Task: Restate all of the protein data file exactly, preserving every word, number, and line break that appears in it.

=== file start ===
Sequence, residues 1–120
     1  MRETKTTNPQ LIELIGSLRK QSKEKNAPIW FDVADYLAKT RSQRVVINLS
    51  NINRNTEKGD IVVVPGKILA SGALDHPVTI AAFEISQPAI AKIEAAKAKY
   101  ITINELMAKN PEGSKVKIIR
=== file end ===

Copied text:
Sequence, residues 1–120
     1  MRETKTTNPQ LIELIGSLRK QSKEKNAPIW FDVADYLAKT RSQRVVINLS
    51  NINRNTEKGD IVVVPGKILA SGALDHPVTI AAFEISQPAI AKIEAAKAKY
   101  ITINELMAKN PEGSKVKIIR